The shadow spreads out and thickens while it seems to remain clinging to the underside of the forward rolling overhang.
12. The shadow is about to drop to down to the ground below, the surface of the object. At first the shadow seems to slowly stretch or reach, gradually spreading down the area under the overhang as it thickens even more..
13. Suddenly the shadow then seems to leap or pounce down to the ground below. The shadow then immediately very rapidly moves from what appears to be the left end of the valley towards the right. The shadow is also moving away from the viewer on an angle that is always gradually increasing relative to the object and the viewer. This is the time when the shadow is young. This is when you can see the wave of the shadow crossing the actual surface of the object as it passes through and over the object's craters and the towering crater rim pieces. This is truly an awesome sight all by itself!
14. The object frames the left side of the view of the valley.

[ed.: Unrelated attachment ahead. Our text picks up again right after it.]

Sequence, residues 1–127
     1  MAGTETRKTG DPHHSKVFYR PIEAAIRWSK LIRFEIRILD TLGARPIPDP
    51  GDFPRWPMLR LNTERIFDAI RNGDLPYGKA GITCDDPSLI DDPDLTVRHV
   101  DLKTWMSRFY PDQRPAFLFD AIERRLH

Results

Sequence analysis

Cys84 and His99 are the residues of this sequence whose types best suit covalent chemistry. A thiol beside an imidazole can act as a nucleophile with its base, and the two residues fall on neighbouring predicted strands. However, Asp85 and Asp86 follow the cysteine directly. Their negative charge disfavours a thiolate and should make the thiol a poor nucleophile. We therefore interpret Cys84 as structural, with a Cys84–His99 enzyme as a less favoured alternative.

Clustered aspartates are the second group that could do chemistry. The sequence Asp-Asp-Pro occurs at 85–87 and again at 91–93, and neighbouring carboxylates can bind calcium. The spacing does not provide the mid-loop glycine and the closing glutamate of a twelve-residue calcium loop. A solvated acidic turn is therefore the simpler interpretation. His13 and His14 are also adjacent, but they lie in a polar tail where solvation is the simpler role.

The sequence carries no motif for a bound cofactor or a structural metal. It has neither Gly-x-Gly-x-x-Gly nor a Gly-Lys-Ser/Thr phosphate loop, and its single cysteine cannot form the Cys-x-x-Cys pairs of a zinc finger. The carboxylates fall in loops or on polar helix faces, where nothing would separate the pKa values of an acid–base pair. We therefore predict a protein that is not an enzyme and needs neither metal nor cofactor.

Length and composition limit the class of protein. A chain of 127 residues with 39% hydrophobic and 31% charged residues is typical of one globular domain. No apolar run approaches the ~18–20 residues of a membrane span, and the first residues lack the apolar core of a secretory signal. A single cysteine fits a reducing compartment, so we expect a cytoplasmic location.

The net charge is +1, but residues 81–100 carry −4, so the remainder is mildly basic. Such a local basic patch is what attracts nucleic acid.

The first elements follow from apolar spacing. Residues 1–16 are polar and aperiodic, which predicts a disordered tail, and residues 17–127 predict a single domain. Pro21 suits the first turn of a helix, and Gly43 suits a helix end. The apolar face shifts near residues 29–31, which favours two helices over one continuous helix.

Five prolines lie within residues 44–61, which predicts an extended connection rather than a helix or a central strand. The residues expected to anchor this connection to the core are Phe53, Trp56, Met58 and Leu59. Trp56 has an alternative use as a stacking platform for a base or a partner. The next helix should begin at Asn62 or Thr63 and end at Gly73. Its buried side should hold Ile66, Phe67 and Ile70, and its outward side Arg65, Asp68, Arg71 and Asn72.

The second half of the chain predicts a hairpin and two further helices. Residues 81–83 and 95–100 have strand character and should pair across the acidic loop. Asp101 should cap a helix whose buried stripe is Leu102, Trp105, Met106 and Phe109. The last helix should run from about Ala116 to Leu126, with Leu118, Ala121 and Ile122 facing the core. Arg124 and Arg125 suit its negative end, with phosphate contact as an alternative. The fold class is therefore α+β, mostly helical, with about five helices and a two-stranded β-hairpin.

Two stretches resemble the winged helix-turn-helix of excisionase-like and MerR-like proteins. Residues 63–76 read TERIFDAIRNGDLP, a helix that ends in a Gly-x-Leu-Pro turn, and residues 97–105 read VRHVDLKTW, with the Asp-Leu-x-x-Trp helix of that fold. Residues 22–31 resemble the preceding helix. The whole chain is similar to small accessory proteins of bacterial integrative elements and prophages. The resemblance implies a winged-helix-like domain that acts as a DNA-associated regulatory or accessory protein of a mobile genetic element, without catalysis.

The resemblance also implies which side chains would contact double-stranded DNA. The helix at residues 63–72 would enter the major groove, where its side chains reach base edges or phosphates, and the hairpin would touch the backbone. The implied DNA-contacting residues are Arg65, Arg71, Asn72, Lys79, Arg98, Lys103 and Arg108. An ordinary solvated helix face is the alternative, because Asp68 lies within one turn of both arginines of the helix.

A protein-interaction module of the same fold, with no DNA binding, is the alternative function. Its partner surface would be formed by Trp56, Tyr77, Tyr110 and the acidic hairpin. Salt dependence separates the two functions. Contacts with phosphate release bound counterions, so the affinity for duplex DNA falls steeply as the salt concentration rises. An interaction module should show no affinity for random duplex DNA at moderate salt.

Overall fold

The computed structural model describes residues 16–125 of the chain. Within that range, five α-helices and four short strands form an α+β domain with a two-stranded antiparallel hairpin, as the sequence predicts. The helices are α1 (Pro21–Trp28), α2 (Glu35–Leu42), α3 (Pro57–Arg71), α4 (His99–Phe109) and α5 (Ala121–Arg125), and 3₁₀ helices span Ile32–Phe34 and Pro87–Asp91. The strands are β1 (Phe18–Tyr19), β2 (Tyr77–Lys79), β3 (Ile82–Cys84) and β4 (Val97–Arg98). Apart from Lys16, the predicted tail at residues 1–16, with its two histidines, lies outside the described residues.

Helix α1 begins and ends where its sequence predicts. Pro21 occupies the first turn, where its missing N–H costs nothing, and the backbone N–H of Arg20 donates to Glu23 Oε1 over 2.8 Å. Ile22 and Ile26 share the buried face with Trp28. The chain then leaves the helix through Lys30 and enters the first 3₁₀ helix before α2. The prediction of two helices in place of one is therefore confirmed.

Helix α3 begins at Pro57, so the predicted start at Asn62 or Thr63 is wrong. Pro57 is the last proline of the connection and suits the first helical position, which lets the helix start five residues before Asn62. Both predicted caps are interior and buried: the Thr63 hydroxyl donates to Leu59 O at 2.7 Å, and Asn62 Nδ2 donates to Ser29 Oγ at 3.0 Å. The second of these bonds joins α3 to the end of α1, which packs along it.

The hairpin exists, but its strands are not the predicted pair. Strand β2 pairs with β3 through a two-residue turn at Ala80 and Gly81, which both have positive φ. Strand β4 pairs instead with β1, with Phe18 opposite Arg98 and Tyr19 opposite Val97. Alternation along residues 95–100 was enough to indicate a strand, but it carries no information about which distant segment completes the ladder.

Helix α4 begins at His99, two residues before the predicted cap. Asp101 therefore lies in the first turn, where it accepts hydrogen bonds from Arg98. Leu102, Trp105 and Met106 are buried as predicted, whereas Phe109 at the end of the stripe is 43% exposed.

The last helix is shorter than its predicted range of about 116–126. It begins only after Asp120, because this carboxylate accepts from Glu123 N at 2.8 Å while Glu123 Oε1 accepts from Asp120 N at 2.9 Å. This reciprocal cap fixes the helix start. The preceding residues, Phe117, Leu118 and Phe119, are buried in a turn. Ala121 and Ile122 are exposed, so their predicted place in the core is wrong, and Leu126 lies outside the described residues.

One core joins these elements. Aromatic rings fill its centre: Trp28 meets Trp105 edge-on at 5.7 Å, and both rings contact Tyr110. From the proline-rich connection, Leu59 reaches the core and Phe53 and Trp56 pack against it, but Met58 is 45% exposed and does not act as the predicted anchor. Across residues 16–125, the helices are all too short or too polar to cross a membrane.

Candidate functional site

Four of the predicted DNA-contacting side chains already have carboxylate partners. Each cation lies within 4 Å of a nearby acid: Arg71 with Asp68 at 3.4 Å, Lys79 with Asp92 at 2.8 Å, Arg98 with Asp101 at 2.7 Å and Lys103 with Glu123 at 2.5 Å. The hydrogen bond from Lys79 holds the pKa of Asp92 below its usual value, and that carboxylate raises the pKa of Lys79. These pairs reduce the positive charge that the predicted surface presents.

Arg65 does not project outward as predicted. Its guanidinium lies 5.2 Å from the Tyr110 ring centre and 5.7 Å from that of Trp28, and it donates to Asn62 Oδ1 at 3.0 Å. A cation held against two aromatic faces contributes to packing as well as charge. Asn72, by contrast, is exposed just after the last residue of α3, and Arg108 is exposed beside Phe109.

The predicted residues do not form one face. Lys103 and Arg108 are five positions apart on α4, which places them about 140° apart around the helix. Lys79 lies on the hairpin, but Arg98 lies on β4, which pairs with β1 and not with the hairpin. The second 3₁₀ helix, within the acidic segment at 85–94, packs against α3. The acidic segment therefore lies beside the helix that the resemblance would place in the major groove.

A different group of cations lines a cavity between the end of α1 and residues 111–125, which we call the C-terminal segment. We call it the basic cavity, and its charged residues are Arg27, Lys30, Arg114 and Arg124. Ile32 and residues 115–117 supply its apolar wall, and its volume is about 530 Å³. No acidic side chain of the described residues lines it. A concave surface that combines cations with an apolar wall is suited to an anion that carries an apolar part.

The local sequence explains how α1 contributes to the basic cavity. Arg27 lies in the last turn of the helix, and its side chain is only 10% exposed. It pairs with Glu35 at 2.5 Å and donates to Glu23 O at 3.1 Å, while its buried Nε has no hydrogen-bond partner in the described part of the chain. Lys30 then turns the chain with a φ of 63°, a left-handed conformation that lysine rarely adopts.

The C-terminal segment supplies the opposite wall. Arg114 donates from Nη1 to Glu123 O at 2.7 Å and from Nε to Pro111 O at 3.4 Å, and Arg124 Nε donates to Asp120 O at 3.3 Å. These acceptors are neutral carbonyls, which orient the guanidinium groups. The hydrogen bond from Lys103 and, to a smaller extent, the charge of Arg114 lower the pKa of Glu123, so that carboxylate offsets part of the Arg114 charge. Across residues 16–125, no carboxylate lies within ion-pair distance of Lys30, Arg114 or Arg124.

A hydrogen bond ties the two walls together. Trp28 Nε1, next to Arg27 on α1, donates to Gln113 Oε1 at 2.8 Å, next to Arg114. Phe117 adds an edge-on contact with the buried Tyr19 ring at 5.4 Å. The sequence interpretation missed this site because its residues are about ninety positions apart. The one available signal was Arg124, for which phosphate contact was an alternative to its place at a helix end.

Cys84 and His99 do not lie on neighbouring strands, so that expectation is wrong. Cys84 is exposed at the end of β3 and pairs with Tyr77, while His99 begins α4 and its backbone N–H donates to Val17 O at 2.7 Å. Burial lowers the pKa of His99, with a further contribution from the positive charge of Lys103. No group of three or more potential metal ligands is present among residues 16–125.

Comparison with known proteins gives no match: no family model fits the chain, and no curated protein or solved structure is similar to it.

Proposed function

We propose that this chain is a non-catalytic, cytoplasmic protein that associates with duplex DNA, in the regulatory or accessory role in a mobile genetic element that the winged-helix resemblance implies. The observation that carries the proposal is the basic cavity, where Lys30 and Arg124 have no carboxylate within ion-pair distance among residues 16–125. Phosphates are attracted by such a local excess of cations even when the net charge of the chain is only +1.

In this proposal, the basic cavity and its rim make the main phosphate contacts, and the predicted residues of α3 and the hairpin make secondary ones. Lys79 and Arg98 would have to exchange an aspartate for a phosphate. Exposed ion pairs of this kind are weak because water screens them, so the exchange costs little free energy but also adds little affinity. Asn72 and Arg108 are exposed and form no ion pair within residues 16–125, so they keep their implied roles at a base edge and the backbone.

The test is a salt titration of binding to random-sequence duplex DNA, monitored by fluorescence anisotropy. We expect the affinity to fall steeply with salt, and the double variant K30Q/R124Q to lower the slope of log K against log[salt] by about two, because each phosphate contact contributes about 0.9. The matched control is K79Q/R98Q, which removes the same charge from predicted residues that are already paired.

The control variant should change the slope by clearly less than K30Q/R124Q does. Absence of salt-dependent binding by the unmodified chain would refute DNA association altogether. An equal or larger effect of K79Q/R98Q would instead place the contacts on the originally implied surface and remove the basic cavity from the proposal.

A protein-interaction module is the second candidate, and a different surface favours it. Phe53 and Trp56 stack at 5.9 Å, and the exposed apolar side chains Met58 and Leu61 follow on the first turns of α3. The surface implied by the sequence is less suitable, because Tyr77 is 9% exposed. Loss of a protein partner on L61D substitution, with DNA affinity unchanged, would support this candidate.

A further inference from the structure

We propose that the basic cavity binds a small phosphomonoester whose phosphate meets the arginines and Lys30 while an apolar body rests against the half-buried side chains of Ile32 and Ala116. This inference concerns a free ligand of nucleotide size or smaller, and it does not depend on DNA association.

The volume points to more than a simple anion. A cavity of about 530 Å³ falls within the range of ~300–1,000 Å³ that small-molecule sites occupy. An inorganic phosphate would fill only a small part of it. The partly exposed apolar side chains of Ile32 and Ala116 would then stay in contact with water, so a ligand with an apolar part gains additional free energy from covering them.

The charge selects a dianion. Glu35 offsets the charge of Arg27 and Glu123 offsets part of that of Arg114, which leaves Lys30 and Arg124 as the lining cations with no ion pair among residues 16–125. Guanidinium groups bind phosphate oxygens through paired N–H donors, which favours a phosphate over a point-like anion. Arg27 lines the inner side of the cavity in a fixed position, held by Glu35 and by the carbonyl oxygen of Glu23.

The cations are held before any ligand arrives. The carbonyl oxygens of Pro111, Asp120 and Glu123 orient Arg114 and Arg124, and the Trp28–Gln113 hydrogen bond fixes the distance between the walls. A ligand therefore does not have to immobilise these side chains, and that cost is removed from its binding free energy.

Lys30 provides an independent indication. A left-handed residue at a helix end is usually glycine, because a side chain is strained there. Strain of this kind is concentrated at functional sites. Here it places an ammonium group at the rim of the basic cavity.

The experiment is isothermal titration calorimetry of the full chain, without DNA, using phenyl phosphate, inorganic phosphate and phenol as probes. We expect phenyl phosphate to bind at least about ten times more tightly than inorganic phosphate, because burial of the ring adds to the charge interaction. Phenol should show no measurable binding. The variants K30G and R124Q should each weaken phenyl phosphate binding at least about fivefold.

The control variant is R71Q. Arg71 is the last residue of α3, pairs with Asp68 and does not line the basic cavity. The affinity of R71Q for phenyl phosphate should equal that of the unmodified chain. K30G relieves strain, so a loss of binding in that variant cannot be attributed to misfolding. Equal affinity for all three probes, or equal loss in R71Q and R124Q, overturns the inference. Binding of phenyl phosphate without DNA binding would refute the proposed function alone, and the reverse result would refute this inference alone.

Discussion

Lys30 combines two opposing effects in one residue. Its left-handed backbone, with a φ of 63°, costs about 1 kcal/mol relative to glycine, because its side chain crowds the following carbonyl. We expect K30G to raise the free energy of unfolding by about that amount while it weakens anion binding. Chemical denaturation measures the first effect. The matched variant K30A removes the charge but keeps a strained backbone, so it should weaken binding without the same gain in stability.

15. The wave of the shadow moves beyond the object's far upper right horizon and into the distance of the light from the Moon, the valley, the the right.
16. Below in the scene on the left, the object's forward moving, forward rolling, slowly sinking surface has moved lower relative to it's original position when the Moon, the valley, was first seen. The light from the object's surface area that bordered with the Moon's light at that earlier point is somehow still there. The rolling surface of the object connects or ties into the the Moon light, the valley itself , through the area of light from the object's surface that remains behind, still there somehow.
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